On Thursday, November 5th, Army Major Nidal Malik Hasan used handguns to fire upon fellow soldiers at Fort Hood Texas, killing 13 and wounding 30.
The base commander says soldiers who witnessed the shooting reported that Major Hasan shouted “Allah Akbar!” (God is great) before opening fire. Hasan, an American citizen and a practicing Muslim, himself was shot four times, and is presently hospitalized in stable condition. Originally it was thought that Hasan was killed, but later his survival was confirmed.
Hasan is a physician…a psychiatrist in fact. He recently worked at Walter Reed Army Hospital in Maryland, one of the primary places that wounded Gulf War soldiers are treated for horrific injuries. But those same wounded soldiers bring back deep mental wounds, and Hasan's specialty was in counseling and helping soldiers suffering the mental anguish from war.
Major Hasan was scheduled to deploy to Afghanistan, and reports say that he was angry about his deployment.
Over the coming weeks and months, military investigators will work to determine Major Hasan's motivation for the murders. If found competent, he will likely stand trial for the murders and injuries. However, you should expect that the findings will be "spun" in a way that absolves Washington and the military from any responsibility for their part in the murders.
Nothing in this article should be misconstrued as a tacit approval of Hanan's acts. Murder is always murder, and killing 13 and wounding 30 is an horrific slaughter. No justification exists for this act.
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Here are some points that likely will be off-limits in the mainstream media:
1. The morality of the wars in Iraq and Afghanistan. George Bush's administration and Congress lied the US into an Iraq war against their own puppet dictator Saddam Hussein. It was never proven that Hussein or Iraq had ANY involvement in the 9-11 attacks. President Obama has now fully embraced war in Iraq and Afghanistan which continues unabated.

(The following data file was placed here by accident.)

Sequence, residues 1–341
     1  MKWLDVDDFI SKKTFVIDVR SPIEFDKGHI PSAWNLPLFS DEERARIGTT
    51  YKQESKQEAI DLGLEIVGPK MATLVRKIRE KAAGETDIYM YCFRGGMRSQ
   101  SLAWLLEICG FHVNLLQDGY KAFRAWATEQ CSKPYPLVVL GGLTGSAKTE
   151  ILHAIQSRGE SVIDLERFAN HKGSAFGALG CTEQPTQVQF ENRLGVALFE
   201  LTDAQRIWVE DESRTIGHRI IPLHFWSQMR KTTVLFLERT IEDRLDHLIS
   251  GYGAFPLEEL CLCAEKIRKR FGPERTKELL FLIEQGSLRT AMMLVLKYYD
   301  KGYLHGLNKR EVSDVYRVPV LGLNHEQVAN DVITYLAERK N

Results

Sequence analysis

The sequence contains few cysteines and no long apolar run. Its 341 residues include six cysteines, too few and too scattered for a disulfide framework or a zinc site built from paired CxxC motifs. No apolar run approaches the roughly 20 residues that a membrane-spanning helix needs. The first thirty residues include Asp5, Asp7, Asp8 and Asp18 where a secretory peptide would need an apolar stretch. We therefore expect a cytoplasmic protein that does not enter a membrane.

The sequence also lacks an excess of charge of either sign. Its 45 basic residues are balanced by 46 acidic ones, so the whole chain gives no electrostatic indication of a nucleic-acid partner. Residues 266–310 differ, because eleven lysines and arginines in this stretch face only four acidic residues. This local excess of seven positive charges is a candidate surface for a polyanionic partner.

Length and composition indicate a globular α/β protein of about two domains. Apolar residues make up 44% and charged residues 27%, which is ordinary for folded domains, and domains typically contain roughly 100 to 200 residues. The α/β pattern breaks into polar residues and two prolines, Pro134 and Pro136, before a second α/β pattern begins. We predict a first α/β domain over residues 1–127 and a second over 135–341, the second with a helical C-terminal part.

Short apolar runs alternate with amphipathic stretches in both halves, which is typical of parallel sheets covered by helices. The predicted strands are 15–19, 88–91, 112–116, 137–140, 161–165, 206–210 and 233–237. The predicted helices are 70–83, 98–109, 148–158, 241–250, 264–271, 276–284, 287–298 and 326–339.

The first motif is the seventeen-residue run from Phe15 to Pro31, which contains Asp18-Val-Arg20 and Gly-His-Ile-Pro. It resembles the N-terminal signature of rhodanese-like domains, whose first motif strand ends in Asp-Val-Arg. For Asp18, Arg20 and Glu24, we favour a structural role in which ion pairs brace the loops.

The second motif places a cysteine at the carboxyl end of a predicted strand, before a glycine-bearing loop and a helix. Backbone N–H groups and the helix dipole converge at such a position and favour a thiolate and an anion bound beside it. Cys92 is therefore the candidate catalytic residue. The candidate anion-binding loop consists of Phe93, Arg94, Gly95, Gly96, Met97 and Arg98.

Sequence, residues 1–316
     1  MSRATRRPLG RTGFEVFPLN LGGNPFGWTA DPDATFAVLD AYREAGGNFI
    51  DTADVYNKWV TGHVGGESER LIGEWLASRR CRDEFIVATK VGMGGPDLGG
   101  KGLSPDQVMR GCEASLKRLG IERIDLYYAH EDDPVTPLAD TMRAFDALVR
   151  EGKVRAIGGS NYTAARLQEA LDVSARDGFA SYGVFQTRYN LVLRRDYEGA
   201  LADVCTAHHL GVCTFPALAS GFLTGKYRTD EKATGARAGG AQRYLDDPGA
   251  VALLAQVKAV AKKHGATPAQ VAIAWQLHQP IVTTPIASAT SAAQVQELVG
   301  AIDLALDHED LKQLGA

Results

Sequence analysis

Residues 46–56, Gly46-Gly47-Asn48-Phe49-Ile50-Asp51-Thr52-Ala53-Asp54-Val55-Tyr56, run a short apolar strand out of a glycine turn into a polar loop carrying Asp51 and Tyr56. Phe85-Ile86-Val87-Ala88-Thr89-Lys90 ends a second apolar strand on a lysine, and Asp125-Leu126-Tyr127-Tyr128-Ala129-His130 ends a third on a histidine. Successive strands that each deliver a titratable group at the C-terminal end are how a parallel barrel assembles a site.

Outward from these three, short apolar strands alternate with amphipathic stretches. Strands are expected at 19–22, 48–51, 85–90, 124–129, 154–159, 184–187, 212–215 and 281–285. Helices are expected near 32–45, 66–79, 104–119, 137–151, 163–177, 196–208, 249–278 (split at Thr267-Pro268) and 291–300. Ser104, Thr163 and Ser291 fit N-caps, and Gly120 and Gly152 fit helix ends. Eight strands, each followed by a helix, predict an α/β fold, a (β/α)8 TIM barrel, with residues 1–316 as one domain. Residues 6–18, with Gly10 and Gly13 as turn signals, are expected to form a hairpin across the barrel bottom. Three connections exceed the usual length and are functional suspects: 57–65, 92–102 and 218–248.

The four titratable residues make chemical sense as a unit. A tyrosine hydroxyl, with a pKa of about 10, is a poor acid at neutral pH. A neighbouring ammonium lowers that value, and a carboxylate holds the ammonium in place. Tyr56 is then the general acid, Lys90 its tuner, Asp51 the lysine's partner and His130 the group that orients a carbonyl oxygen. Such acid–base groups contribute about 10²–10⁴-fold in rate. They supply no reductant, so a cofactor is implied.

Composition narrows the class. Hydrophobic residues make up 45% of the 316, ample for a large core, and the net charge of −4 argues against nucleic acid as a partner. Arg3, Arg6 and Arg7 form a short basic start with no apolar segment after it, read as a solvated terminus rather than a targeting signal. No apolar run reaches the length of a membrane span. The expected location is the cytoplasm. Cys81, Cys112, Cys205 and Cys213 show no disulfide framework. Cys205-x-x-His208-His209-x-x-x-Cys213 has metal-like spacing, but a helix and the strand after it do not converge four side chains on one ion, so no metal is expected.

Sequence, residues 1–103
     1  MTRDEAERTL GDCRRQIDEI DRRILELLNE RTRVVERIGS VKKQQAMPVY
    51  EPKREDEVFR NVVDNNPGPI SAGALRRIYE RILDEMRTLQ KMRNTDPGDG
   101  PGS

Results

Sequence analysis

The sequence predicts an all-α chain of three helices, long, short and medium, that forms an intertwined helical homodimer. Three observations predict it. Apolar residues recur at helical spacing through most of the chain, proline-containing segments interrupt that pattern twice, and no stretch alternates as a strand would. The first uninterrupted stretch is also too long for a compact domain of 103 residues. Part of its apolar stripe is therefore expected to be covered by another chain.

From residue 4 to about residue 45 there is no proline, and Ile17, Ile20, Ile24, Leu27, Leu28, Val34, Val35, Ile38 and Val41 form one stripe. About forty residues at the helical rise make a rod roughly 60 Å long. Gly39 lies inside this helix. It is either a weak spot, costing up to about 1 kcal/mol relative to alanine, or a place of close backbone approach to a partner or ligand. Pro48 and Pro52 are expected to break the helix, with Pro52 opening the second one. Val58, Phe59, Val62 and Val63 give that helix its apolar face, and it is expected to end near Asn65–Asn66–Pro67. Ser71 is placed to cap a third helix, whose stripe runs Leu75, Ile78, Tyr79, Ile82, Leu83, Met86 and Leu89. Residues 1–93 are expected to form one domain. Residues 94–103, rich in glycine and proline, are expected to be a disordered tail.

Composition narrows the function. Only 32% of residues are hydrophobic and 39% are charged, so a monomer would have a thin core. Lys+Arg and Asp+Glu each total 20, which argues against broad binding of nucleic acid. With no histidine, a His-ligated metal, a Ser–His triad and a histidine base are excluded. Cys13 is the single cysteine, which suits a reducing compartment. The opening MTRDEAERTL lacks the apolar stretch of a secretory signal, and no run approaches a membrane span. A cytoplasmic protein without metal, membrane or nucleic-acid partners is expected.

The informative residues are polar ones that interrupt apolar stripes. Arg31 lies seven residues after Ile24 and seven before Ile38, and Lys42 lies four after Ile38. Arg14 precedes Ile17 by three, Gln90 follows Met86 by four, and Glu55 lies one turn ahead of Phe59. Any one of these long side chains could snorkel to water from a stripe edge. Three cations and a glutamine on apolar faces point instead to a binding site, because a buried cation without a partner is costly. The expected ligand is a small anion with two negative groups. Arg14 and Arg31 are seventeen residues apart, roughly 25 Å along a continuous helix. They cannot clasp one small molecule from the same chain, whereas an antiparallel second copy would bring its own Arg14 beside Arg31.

2. The legality of the wars in Iraq and Afghanistan. No declaration of war has ever been enacted by the US Congress, which is required in the Constitution.
3. Base security and the Second Amendment. Military personnel do not forsake their rights under the Second Amendment when they take their Oath of Service, do they? The fact that the soldiers on bases across the world are unarmed makes it easy for any assailant to do his work. Universities like Virginia Tech (curiously Hasan's alma mater, where another mass murder incident took place), public schools, and government buildings are also open kill zones for armed gunmen. Just one soldier carrying his sidearm at Fort Hood could have stopped the slaughter. One soldier. One.
4. Post Traumatic Stress Disorder. Part of PTSD is the mental anguish military personnel experience when they have done unspeakable things in war that conflicts with their moral code. How do you live with yourself when your actions caused the deaths of women and children who never did anything to deserve death? How do you cope with seeing thousands of people bombed out of their homes and turned into refugees? How do you cope with seeing your buddies blown to bits by IEDs? How do you deal with the disease, displacement and death that your very presence in a foreign country delivers? Most military personnel live through it, albeit mentally tortured. But some choose #5.